Phase II Trial to Evaluate the Efficacy of Topical Bexarotene Gel in Patients With Parapsoriasis
|Study Design:||Allocation: Non-Randomized
Endpoint Classification: Safety/Efficacy Study
Intervention Model: Single Group Assignment
Masking: Open Label
Primary Purpose: Treatment
|Official Title:||A Phase II Trial to Evaluate the Efficacy of Topical Bexarotene Gel in Patients With Parapsoriasis: a Topical Chemoprevention Strategy for Cutaneous T-cell Lymphoma.|
- The primary efficacy endpoints (outcome) are the skin lesion responses determined by the Composite Assessment of Index Lesion Disease Severity following up to sixteen weeks of treatment
- Secondary efficacy endpoints (outcomes) include the disease response to treatment as determined by percentage of total body surface area involvement and physician global assessment following up to sixteen weeks of treatment.
- Also, antitumor host response as determined by immunohistochemistry in pre and post treatment skin biopsies.
|Study Start Date:||April 2001|
|Study Completion Date:||August 2004|
|Primary Completion Date:||July 2004 (Final data collection date for primary outcome measure)|
Parapsoriasis is a term that refers to a red, scaling (papulosquamous) eruption on the skin characterized by its distribution (trunk and proximal extremities), asymptomatic nature and chronic course. Histologically, parapsoriasis is characterized by variable degrees of parakeratosis and epidermal spongiosis with a superficial, sparse, patchy, lichenoid infiltrate of lymphocytes and varying degrees of epidermal involvement (epidermotropism). No definitive studies have defined its etiology or epidemiology.
Historically, the term "parapsoriasis" was introduced into the dermatology literature by Brocq in 1902. Brocq used the term to clinically characterize a variety of papulosquamous eruptions that were first reported in the late 19th century. In 1905, he attempted to categorize parapsoriasis in relationship to other papulosquamous diseases of the skin. In his model, Brocq delineated a relationship between some variants of parapsoriasis (parapsoriasis en plaques or large plaque parapsoriasis) and mycosis fungoides or cutaneous T-cell lymphoma (CTCL). The first cases of mycosis fungoides (MF) were reported early in the 19th century. Progressive stages of MF ("premycotic" patch phase, plaque phase and tumor phase) were defined later in the 19th century, while the neoplastic nature of the disease remained unknown. Brocq's model sought to emphasize clinical similarities between some variants of parapsoriasis (large plaque) and early, patch phase MF.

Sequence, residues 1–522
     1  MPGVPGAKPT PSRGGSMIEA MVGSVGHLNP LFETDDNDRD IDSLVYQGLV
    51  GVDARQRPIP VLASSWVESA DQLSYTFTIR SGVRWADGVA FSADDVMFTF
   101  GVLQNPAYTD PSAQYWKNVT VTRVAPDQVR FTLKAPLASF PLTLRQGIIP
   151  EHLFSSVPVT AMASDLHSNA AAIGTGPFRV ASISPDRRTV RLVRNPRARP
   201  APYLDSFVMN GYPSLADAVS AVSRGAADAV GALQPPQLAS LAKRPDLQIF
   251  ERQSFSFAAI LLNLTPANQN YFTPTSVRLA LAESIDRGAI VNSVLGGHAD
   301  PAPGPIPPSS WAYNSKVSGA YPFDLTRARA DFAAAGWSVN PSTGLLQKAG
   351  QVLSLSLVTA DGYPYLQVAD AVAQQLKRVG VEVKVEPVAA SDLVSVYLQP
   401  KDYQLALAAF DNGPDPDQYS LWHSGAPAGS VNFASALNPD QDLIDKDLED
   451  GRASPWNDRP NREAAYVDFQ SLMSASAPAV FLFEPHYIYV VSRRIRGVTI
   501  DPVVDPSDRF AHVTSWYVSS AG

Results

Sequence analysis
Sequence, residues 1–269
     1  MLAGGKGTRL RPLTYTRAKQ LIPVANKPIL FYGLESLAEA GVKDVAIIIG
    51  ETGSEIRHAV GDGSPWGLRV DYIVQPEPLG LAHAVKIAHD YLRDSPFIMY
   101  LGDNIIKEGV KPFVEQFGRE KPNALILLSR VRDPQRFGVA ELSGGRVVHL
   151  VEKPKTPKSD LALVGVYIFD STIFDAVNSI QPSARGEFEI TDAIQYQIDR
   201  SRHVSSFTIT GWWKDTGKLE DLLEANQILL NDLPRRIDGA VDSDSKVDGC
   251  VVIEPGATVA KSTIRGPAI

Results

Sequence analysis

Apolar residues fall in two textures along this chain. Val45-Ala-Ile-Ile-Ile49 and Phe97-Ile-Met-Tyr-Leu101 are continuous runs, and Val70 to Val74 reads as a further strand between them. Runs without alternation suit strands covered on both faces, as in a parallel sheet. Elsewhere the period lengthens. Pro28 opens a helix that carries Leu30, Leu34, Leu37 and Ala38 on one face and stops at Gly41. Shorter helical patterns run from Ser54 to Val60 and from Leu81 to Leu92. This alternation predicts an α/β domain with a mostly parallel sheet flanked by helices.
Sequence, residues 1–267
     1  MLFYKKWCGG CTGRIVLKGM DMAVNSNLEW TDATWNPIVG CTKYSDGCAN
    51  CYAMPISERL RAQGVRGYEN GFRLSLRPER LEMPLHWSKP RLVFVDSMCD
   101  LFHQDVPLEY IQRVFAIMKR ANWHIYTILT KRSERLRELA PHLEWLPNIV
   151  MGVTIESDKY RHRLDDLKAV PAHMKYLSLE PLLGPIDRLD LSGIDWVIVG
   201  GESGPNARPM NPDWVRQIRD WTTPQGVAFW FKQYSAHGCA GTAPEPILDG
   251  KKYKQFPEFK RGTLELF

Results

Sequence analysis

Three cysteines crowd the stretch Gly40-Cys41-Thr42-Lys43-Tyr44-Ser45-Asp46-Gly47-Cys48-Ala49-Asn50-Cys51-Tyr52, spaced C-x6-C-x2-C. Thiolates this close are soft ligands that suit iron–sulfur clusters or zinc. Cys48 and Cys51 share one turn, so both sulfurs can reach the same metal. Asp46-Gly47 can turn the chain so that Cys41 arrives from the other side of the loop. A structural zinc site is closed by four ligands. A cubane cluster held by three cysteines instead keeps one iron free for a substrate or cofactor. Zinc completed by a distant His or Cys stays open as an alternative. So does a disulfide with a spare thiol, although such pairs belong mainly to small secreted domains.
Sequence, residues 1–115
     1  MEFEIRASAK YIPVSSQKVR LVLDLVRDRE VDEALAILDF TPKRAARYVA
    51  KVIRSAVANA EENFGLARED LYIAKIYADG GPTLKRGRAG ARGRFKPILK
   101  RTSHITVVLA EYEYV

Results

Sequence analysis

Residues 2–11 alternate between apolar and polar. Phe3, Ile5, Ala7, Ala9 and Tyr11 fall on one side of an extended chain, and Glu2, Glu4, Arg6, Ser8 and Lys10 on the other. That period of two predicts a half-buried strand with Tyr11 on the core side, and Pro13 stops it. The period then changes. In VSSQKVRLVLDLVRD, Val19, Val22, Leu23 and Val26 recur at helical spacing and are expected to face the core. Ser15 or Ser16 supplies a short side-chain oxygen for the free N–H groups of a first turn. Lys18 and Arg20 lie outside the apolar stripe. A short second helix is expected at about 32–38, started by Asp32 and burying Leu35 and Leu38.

Immunohistochemical (IHC) studies have demonstrated that parapsoriasis shares a similar immunophenotype with early stage CTCL in that the lymphocytic infiltrate is predominantly composed of CD4 lymphocytes. Polymerase chain reaction (PCR)- based T-cell receptor (TCR) gene rearrangement studies have demonstrated that parapsoriasis is a lymphoproliferative disorder characterized by the detection of clonal populations of T-cells, as is CTCL. Knowledge of the natural history of parapsoriasis stems from a series of longitudinal outcome studies published over the last 40 years. Progression to unequivocal CTCL ranged from 0% to 35% of parapsoriasis cases. Typically, cases associated with progression to CTCL tend to have larger plaques with clinical features of atrophy and/or poikiloderma.
Based on the clinicopathologic similarities of parapsoriasis and early stage CTCL, the exact nosology of parapsoriasis has been challenged, with a hypothesis that all variants of parapsoriasis (large plaque, small plaque and digitate) are synonymous with early MF. Nevertheless, parapsoriasis is recognized as a distinct precursor stage (T0N0M0) in the TNM staging schema of CTCL. T0 CTCL is defined by the presence of lesions clinically and/or histologically suggestive of CTCL.
No definitive studies have been published regarding therapy of parapsoriasis. When treated, most patients are initiated empirically on topical steroids or phototherapy. Typically, patients will have partial responses and/or relapse off any therapy. A rational therapeutic strategy for parapsoriasis is lacking because there are no longitudinal studies that correlate treatment response and impact on progression to CTCL.
Bexarotene is a resinoid, a subclass of retinoids that binds preferentially to nuclear retinoic X receptors (RXR), and has therapeutic activity in CTCL. Bexarotene 1% gel has been approved for treatment of CTCL and found to have up to a 63% response rate in Stage Ia to IIa CTCL. The goal of this study was to evaluate the tolerability, safety and efficacy of bexarotene 1% gel in patients with parapsoriasis and to evaluate the anti-tumor host response in pre- and post-treatment skin biopsies.
Please refer to this study by its ClinicalTrials.gov identifier: NCT00322296
|United States, Pennsylvania|
|Fox Chase Cancer Center|
|Philadelphia, Pennsylvania, United States, 19111|
|Principal Investigator:||Stuart R. Lessin, M.D.||Fox Chase Cancer Center|